Street Art making A Scene
Art for the people has changed Penang in a big way. Interactive art on peeling, crumbling facades have made the city more alive. Old walls are canvases for a 25 year-old artist, animator, photographer, and filmmaker. Lithuanian Ernest Zacharevic from Middlesex University of London came to Penang for a short visit ended up staying and painting for more than a year. Working in collaboration with the small art community of Penang he has turned city walls of Georgetown into canvases, blending art with organic landscapes. The brilliant ideas that give rise to these murals bring tradition and culture to the present with humour.
Titles “Kopi O, Tok Tok Mee, Trishaw” evoke nostalgic memories.
Kopi O = black sweet coffee with thick coffee sediment at the bottom
Tok Tok Mee = welcome sound of striking bamboo clappers of the noodle cart arriving round the corner
Trishaw = favourite means of transport for short distances.
A Jimmy Choo mural shows the famous shoe-man from Penang. He learnt his trade from his father. Penangites view these aptly titled murals, whimsically portrayed on walls, with great pride. Joyful visitors crowd before them with families and friends posing for photographs.
This amazing painting on the sidewall of an old home reminded me of my own youth. Of wild times when I did the much-forbidden-thing of tearing around the side lanes of our village on my bicycle carrying friends’ young sisters and brothers. The faster I went, the sharper I turned the corners, the louder the little pillion passengers screamed and laughed. Here the children have been painted on the wall and old bicycle placed below them. With no worries of vandalism or theft this ‘sculpture art’ affords much fun. Ernest does the same with a motorcyclist. Painted on an old unused entrance is a rider with an old helmet and placed below him is an old real motorcycle, not too rusty.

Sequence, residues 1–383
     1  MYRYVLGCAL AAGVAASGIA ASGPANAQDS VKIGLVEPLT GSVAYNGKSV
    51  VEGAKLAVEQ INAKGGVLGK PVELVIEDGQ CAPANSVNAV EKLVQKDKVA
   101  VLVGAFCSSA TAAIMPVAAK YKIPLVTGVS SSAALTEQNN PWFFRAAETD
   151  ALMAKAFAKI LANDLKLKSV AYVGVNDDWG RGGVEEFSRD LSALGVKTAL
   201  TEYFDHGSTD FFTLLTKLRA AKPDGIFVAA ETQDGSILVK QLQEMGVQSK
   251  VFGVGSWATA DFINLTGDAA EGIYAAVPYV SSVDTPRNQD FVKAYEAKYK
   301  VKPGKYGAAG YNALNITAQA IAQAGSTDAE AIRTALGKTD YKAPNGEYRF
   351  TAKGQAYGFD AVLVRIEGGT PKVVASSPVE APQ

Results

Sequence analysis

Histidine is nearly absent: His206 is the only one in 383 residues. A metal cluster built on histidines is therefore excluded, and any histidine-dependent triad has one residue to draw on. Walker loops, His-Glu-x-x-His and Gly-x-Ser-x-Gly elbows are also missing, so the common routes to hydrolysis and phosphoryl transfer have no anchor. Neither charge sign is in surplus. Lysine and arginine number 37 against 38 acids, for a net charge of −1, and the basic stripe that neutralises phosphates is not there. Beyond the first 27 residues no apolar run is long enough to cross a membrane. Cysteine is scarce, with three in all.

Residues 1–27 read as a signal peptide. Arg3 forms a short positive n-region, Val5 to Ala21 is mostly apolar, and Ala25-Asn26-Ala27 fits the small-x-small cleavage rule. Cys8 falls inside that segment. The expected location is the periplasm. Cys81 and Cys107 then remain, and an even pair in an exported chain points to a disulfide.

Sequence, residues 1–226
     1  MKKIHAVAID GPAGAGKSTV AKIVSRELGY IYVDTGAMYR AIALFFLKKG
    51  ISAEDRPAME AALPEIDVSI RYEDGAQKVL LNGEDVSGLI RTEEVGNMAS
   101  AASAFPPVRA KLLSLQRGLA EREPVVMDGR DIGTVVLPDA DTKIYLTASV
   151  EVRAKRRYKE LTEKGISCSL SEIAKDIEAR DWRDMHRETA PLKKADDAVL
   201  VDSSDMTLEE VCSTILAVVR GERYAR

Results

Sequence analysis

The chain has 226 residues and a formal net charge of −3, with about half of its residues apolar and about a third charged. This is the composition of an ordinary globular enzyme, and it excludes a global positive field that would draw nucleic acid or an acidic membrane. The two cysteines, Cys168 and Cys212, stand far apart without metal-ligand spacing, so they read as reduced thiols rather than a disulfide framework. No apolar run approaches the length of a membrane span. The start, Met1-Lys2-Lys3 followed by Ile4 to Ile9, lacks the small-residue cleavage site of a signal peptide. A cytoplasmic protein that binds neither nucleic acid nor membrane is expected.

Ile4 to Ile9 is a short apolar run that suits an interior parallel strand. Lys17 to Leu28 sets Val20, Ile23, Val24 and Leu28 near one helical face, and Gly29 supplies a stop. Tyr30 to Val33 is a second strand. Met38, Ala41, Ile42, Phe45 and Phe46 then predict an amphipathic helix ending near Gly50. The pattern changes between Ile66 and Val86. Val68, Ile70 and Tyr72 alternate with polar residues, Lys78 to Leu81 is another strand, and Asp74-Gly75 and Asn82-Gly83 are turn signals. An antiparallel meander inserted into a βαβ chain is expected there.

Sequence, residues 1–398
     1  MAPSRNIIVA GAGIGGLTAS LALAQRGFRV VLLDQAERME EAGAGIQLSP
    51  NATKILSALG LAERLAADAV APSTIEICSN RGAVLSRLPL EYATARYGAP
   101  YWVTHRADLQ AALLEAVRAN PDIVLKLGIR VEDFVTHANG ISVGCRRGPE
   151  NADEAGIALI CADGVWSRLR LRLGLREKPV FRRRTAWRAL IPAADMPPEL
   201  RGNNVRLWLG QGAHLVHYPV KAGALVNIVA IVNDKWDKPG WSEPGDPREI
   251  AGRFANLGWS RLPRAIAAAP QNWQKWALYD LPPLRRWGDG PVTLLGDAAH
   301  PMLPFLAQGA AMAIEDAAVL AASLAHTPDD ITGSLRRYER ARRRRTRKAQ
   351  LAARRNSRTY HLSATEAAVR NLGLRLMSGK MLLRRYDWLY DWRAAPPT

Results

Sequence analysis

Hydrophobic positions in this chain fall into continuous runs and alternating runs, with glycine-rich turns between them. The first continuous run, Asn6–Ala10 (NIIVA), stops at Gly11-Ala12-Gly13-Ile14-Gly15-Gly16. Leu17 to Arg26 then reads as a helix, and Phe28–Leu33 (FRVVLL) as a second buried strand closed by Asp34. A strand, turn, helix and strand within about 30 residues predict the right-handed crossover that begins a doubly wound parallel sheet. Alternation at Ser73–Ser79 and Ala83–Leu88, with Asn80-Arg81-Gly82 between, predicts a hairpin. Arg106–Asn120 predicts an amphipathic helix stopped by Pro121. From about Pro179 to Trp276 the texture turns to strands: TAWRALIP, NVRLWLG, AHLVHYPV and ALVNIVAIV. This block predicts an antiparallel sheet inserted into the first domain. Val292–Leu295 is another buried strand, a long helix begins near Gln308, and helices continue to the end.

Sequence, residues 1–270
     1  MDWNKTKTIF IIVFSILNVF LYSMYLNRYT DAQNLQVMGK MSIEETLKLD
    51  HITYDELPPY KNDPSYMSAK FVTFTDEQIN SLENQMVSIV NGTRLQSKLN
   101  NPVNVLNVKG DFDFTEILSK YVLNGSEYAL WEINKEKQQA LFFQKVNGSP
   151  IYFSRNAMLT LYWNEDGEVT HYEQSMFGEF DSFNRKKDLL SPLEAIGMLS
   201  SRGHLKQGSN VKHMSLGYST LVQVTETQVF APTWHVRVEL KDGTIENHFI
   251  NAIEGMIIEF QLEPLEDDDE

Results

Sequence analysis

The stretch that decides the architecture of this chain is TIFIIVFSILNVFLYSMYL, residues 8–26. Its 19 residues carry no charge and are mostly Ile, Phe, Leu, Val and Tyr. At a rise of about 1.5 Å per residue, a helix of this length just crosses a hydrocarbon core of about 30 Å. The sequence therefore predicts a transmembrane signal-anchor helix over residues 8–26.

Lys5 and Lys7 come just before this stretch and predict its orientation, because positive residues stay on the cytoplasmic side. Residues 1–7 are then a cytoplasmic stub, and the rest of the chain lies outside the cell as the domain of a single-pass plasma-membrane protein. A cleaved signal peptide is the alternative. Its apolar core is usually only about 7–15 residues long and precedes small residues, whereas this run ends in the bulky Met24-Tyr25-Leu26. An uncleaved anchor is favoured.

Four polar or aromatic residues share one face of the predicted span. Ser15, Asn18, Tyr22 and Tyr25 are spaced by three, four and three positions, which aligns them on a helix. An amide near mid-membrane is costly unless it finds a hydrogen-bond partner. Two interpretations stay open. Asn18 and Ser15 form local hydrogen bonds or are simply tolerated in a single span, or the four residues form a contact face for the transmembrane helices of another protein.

In this painting a boy is reaching up to get a real coke bottle from an air-vent and below him a real chair. Next to the chair conveniently situated a wooden ladder to walk up to the wooden bench that entices exuberant interaction. Children and adults jump on the bench and reach up to the next air-vent on the wall. Family, friends, strangers step back to take photographs.
Inaccessible, high walls too have their share of paintings. The most prominent one on Penang Road. Working from a high crane, and scaffolding Ernest painted a resting trishaw man right above where my business, a fashion outlet, ‘The Peacock Boutique’ used to be.
These witty and fascinating murals portray Penang culture. Evocative, humorous and clever messages abound too. One about using fewer plastic bags and another says ‘drive less’. Cars have begun to choke the streets of Penang and frustrated drivers trying to get parking spaces in the city are common sights. A new awareness for all to be more organic is taking place.
Other black and white graffiti have sprung up too.
The graffiti I love Penang is no understatement
George Town, a Unesco World Heritage Site, with an inner city population of less than 750,000 throbs with laid-back energy.